As soon as my dog got on that pair, they circled back where they came from down through a small canyon. I kept as close to them as I could, they were following this ridge edge that we were camped overlooking. My dog wasn't barking wide open, but she would give me a bawl every couple hundred yards so I knew where she was at. I was worried that they might be trying to lure her away from camp to ambush her and kill her so I was trying to keep up. We were bordered by the road on one side and a cliff on the other and the coyotes seemed to be running right down the middle of the strip of bush in between.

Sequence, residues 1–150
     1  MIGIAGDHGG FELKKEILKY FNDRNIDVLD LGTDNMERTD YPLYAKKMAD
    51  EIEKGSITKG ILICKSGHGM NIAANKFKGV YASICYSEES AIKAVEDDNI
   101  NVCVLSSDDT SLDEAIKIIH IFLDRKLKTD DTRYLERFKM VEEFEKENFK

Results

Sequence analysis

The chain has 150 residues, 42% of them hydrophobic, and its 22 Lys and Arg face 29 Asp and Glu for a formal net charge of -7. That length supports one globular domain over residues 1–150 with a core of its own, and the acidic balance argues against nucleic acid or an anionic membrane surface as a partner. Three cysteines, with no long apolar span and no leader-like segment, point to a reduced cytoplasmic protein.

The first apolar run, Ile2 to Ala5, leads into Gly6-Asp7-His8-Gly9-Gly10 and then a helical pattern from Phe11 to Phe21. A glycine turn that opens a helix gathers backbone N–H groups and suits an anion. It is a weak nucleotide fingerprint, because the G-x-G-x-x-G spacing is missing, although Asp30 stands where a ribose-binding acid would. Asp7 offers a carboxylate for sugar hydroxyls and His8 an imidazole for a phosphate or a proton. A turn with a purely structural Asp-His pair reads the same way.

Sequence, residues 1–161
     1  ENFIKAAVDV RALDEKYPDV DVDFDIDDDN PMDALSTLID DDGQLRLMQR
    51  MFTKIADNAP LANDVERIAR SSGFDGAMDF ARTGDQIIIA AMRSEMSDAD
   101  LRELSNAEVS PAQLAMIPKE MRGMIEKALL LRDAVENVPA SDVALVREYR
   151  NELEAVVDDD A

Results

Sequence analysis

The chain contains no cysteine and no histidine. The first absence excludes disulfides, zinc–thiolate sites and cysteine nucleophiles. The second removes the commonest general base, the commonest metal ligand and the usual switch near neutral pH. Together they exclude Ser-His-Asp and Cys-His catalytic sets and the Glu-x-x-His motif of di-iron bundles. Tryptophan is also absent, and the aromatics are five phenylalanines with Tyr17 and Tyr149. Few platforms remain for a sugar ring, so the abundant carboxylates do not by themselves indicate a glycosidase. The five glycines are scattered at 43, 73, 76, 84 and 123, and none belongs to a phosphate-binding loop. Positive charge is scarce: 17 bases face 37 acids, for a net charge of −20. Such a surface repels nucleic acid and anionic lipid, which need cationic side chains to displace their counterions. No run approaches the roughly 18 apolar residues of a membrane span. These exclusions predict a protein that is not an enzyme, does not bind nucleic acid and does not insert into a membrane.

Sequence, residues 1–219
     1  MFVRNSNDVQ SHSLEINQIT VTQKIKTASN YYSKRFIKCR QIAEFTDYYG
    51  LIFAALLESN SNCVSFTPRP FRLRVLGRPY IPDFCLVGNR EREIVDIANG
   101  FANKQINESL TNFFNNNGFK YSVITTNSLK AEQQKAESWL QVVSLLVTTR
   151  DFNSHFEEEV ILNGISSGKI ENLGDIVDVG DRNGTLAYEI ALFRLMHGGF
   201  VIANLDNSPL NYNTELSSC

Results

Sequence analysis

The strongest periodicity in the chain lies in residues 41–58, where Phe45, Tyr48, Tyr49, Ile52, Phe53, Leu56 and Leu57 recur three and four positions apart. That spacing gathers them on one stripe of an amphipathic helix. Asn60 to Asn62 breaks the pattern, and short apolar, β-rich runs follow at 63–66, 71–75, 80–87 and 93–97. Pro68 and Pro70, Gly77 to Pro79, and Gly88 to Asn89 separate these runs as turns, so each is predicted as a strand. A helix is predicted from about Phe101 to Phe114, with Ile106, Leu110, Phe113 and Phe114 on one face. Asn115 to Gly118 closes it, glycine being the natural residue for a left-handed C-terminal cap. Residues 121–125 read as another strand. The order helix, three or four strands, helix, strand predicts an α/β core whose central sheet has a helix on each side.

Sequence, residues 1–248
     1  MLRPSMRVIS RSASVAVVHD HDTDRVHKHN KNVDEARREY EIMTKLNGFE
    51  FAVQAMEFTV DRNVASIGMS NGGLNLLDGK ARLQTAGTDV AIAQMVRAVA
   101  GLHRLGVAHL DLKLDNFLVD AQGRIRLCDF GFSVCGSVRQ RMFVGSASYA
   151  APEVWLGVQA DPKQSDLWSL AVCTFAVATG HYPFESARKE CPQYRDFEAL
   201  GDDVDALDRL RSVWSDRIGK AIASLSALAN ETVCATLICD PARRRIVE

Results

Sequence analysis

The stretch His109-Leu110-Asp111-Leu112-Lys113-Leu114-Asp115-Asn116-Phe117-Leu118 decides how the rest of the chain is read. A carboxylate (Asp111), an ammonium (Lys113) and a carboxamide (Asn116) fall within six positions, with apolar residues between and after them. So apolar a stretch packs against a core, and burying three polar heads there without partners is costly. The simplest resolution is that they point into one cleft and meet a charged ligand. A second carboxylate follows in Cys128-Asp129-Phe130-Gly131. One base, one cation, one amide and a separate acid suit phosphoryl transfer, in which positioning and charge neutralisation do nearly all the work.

They then made a 90 degree cut and headed across the road and away from the cliff, getting into a pretty big stretch of bush. I had no collar on my dog and really didn't want to be chasing her around the woods all day for a stupid coyote so I put a bit of a scamper in my step as they seemed to be slowing down a bit. I saw the one coyote about 150 yards up with my dog right on his ass, but I didn't have a clear shot, so I ran up a bit further to close the distance. One of the coyotes stopped broadside and the other one got on my dogs ass and chased her into a bit of a thicket, I wanted to try to double on them but then I heard my dog squeal like she had been bit so I sent a 20 ga slug through the one coyote who was stopped, and put him down. The other dog circled back but didn't offer a shot before it disappeared over the side of the hill we were on, never to be seen again.